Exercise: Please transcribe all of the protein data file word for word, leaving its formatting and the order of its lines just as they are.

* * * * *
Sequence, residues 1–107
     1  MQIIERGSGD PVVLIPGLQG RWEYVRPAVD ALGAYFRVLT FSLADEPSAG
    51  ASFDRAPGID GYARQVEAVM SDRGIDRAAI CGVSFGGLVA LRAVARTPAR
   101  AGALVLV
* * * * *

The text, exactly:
Sequence, residues 1–107
     1  MQIIERGSGD PVVLIPGLQG RWEYVRPAVD ALGAYFRVLT FSLADEPSAG
    51  ASFDRAPGID GYARQVEAVM SDRGIDRAAI CGVSFGGLVA LRAVARTPAR
   101  AGALVLV